Likewise, although various indicators are presented on the map, the categorisation and ranking of countries according to quantitative measures such as the Human Development Index risk emphasising binary understandings of development in an oversimplified ‘successful versus unsuccessful’ manner.  Students would benefit from learning about diverse living conditions, lifestyles and practices through numerous channels beyond numerical binaries (Andreotti, 2006a, Andreotti and De Souza, 2008; Pashby, 2011, 2012).  This could potentially be achieved by favouring the use of the Organisation for Economic Co-operation and Development (OECD’s) interactive map (21) that offers different perceptions of what matters to people across countries according to a variety of factors.  Similarly, initiatives like Mystery Skype or the Google Connected Classrooms (12) can encourage students to compare common daily activities like going to school or playing with friends from different perspectives (Scheunpflug, 2010).

The idea of shared cultures across borders and the resulting cultural diversity within countries is not clearly referenced.  It is necessary to recognise that in 2016 in Canada, 21.9 per cent of the population were foreign-born, 200 languages were spoken, 250 ethnic origins were represented and 37.5 per cent of Canadian children had a foreign background (Statistics Canada, 2017).  Highlighting cultural diversity within a country could encourage learners to move away from the homogenisation of cultural practices and knowledge to fully internationalise the global character of increasingly heterogeneous societies.

Understanding the importance of history

Many activities encourage students to reflect on and address the causes of poverty and inequalities as well as understand the interconnections between different global challenges (health, education, food security, climate change, etc.).  However, little information is provided about the impact of historical events such as colonisation on inequalities.  The most successful attempt at relating global inequalities to history lies in the video ‘Two Hundred Years That Changed the World’ by Hans Rosling (2009) (16) with an extremely quick and implicit reference to colonisation while discussing the global evolution of life expectancy and income.  Along similar lines, the ‘inequality game’ (15) or the video ‘What is privilege?’ successfully illustrate notions of inequality, racism and discrimination but fail to highlight the causes of unequal access to comfortable living conditions and fulfilling life choices.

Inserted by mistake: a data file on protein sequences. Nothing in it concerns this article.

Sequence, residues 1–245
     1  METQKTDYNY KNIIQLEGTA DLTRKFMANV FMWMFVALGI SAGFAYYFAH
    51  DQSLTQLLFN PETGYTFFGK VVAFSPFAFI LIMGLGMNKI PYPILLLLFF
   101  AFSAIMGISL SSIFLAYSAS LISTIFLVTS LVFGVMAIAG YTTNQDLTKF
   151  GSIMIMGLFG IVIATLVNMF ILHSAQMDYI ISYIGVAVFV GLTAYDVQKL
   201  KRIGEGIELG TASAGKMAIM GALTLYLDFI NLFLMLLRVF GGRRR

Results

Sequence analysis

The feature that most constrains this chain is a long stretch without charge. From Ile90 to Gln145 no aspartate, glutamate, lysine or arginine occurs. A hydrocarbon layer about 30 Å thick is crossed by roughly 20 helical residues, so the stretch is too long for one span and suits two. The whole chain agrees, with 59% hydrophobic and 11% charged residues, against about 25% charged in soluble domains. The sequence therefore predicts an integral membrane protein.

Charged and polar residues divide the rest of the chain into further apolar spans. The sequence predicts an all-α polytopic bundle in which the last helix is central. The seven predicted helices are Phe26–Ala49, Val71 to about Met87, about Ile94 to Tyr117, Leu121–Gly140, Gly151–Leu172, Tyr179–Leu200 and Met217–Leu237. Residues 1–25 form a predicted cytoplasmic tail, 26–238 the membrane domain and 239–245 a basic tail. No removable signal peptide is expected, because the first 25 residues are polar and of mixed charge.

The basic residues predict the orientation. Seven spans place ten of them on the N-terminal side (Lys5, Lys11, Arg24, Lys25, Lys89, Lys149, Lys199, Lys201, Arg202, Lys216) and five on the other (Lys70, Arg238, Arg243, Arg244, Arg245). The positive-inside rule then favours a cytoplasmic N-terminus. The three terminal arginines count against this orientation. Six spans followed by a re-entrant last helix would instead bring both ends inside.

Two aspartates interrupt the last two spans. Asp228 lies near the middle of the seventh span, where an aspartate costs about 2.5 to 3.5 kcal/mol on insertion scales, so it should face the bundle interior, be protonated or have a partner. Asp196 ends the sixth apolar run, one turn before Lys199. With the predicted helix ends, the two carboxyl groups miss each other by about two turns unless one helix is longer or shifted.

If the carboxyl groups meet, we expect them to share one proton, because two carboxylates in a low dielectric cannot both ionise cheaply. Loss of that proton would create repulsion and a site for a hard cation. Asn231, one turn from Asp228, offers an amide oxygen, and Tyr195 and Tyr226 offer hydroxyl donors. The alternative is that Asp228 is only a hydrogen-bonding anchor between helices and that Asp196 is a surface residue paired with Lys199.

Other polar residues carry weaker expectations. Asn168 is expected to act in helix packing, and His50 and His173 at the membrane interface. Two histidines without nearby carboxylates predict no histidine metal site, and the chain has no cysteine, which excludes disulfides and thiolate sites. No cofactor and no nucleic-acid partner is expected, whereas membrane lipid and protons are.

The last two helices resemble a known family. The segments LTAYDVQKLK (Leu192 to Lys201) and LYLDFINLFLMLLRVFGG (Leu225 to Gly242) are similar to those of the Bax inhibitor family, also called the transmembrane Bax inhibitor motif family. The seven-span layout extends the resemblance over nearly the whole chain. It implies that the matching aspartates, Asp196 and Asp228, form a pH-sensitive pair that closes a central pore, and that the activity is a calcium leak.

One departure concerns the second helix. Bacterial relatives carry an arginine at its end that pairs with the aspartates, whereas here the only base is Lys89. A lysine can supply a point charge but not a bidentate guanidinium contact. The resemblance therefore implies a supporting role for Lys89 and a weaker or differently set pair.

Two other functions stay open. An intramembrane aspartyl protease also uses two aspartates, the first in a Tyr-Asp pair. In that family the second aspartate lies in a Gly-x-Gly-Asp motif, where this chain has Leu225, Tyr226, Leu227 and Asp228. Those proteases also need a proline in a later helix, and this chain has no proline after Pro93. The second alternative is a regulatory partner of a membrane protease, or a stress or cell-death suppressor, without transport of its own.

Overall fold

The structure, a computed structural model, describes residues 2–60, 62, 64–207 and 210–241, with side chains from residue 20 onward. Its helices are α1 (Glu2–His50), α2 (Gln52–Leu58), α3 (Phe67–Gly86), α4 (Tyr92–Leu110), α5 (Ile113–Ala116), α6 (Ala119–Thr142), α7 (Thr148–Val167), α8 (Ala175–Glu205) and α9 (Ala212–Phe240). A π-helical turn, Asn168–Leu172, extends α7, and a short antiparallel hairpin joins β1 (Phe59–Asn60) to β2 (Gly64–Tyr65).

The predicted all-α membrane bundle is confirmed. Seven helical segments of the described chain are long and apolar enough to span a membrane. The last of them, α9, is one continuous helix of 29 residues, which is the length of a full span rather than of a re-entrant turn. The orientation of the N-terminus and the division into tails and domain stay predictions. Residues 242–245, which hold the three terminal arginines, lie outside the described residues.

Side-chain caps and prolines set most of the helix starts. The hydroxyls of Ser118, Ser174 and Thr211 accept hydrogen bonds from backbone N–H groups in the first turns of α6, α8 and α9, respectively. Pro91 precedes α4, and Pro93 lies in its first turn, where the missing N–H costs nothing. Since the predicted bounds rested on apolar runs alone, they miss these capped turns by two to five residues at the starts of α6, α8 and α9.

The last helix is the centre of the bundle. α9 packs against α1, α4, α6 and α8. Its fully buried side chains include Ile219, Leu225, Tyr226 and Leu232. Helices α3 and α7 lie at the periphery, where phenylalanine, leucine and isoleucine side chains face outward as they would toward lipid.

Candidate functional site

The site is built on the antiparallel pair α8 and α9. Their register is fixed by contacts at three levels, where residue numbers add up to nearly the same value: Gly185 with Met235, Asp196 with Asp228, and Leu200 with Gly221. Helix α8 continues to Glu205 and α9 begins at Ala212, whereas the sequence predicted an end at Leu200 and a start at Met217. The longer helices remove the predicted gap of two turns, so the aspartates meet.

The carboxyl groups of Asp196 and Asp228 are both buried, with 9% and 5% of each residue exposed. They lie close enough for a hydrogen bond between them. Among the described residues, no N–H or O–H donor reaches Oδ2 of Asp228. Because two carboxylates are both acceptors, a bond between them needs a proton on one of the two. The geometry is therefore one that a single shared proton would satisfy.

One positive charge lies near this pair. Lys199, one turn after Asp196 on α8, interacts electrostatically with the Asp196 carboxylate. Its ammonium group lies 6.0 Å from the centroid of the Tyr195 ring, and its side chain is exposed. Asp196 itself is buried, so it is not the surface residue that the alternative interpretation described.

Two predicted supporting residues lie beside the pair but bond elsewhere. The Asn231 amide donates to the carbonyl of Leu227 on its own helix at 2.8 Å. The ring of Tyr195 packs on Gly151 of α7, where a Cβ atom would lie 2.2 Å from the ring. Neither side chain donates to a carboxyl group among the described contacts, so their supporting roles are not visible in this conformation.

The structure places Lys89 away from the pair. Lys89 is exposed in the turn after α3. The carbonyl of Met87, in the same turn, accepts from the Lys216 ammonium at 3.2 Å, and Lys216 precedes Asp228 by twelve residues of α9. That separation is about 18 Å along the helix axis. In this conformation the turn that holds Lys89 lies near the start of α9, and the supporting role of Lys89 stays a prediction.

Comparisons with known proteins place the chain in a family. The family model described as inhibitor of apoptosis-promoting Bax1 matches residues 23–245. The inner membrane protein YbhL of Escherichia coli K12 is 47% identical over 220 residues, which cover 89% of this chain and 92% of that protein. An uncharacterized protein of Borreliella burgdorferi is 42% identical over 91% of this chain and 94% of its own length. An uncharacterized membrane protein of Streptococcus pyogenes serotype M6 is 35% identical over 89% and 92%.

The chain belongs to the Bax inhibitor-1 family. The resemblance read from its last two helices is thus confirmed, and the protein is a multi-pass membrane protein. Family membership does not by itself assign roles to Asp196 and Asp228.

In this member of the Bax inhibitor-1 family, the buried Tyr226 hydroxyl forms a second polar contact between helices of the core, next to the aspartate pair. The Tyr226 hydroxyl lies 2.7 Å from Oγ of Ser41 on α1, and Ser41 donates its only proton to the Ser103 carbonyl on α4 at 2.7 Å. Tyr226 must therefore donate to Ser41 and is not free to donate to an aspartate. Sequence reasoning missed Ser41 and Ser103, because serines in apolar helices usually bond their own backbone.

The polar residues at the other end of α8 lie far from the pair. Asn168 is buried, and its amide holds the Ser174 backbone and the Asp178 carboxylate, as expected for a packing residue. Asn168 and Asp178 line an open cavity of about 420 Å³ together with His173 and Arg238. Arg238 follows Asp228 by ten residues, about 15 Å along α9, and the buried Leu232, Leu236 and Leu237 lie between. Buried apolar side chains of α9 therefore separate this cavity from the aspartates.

The examples cited above fail to recognise the economic, social and cultural impacts of events such as colonisation and slavery (Escobar, 1995).  A lack of historical context can easily lead to portraying poor countries and vulnerable populations as inherently weak and incapable of achieving what wealthy populations did (Andreotti, 2006b, Kumar, 2008; Biccum, 2010).  It risks depicting poverty as a ‘new’ phenomenon that dissociates the harm done during colonisation from the poverty and alienation found in certain locations or within specific social, economic and cultural segments of the population (Odora Hoppers, 2015).

Critically reflecting on power relations for social justice

Besides understanding the impact of historical events, learners should be encouraged to recognise the subjectivity of what is perceived as developed and underdeveloped or successful and unsuccessful.  Power is often exercised through dominant and hegemonic knowledge that has been defined and accepted as legitimate by both the dominating and dominated entities (Sharp, 2008).  This approach can reduce the importance of ‘real freedoms that people enjoy’ such as freedom of speech, movement or life choices, and social opportunities and safety (Sen, 1999: 36).  Indeed, learners should realise that economic growth, the acquisition of technology or other objectives set by international agreements do not necessarily represent the most effective and viable forms of development (Sumner, 2010; Storey, 2015; Odora Hoppers, 2015).  Current issues such as climate change can highlight the value of different traditions and practices that adopt a more sustainable approach to living than typically Western and capitalist models.